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Why pastrami’s eastern version still rekindles rivalry

The traditional taste of a spicy cured beef, pastirma, one of the most powerful cold cuts in the world, finds its place in new recipes.

In early December, Turkish President Recep Tayyip Erdogan kindled an old culinary rivalry between two Turkish cities — Kastamonu and Kayseri — by praising Kastamonu’s pastirma, a spicy cured beef that is part of the national cuisine and a ready accompaniment to raki, the anise-based national drink.

Erdogan’s words on “the best” pastirma had immediate ripple effects in other cities such as Afyon and Sivas, which also lauded their versions to be the best. The sales of pastirma soared all around the country.

Pastirma, also known as basturma or bastirma, can be found in the Levant, as well as in Anatolia. Different cultures claim its origins, but some versions — albeit with different spices — can be found in Armenia, Egypt, Cyprus, Greece and other countries in the Balkans. Febe Armanios, a professor of history at Middlebury College, who researches culinary and food history of the Eastern Mediterranean, told Al-Monitor that she had been introduced to "basterma" in Egypt, where it is a delicacy that few can afford.

Robyn Eckhart, a food journalist and the author of “Istanbul and Beyond: Exploring the Diverse Cuisines of Turkey,” says pastirma resembles Italian bresaola with the addition of all the bold flavors, including garlic. Indeed, at the turn of the century, Armenians who arrived in Beirut have been ridiculed due to the spicy scent of pastirma that others claimed oozed from their bodies.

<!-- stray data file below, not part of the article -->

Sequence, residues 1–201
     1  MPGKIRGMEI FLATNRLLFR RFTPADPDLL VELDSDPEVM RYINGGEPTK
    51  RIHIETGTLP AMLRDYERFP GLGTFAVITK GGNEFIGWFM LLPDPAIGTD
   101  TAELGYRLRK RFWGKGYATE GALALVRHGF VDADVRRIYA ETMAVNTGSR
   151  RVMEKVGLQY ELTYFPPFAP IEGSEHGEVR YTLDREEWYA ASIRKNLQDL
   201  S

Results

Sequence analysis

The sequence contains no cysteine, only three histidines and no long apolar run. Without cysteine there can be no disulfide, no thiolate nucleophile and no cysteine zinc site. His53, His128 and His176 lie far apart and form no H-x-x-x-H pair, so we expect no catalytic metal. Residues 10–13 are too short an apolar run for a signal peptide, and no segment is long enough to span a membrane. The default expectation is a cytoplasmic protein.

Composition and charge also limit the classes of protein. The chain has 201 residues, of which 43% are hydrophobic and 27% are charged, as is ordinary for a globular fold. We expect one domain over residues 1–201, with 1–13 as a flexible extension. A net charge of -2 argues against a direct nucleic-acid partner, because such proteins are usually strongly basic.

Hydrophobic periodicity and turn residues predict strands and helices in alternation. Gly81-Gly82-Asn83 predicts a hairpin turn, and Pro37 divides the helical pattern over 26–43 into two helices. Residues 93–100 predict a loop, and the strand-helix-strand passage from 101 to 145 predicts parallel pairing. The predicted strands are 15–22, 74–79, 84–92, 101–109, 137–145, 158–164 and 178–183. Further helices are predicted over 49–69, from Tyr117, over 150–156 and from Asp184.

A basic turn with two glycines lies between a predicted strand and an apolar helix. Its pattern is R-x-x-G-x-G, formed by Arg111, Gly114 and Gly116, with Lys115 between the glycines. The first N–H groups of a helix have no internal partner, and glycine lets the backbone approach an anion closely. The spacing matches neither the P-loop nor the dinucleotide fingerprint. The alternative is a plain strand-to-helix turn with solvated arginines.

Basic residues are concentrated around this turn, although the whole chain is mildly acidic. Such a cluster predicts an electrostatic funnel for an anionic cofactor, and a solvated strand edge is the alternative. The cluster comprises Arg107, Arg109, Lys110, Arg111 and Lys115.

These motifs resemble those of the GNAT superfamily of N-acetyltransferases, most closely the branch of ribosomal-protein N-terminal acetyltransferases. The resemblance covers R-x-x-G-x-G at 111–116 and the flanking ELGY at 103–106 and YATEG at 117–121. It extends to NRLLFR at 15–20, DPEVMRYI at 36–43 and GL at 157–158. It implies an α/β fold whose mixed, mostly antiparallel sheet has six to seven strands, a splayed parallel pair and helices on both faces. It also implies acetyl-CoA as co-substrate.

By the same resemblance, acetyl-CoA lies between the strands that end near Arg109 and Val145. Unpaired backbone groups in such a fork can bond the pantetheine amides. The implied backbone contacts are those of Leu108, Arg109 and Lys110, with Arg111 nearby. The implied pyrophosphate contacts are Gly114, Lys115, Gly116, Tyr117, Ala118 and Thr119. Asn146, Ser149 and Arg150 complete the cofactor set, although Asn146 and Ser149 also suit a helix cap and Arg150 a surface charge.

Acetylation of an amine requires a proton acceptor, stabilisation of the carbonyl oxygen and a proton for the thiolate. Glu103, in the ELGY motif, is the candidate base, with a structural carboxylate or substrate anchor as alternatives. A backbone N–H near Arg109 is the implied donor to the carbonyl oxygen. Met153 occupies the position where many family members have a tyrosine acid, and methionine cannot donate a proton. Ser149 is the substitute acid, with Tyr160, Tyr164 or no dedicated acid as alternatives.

It is also the Armenians who keep up the tradition of pastirma In Los Angeles. Sahag’s Basturma, a family-run business, is managed by Harut and Rebeka Tashyan, who proudly told Al-Monitor that late chef Antony Bourdain had devoted an episode to their shop.

A good pastirma depends on many factors, ranging from the type of meat, the waiting period and the weather and the spices used. It can be made at home, but it requires patience, as it may take up to 45 days depending on the thickness of the meat. Pastirma’s taste first and foremost depends on the quality and the section of the beef used. The most precious pastirma are made from the shoulder area, known as entrecote, or Porterhouse steak. Tenderloin and top sirloin are reserved for the most expensive kinds.

Although today most pastirma is produced in factories, the process still requires a human touch. The meat needs to be cleaned and large quantities of salt — be it rock, sea, kosher salt or whatever the producer prefers — need to be put in pockets carved into the meat.

“Each meat is different, some absorb salt promptly, others gradually,” Harut Tashyan told Al-Monitor.” You have to be attentive to the meat rather than simply following the clock.”

Once the salt is absorbed, the excess salt has to be thoroughly washed off the meat and then dried out. Then — and this is the required step — it needs to be pressed to ensure that all excess water or blood is extracted. Traditionally, this step, which makes pastirma different from other processed meats, was done with heavy marble blocks and then the meat was hung in racks to dry. This was when the weather conditions played a role — the best results are achieved when it is naturally air-dried. The town of Kayseri claims it owes its pastirma to the mountain air and its Indian summers. Not surprisingly, the term in Turkish for a prolonged summer is “pastirma yazi,” the summer of, or for, pastirma.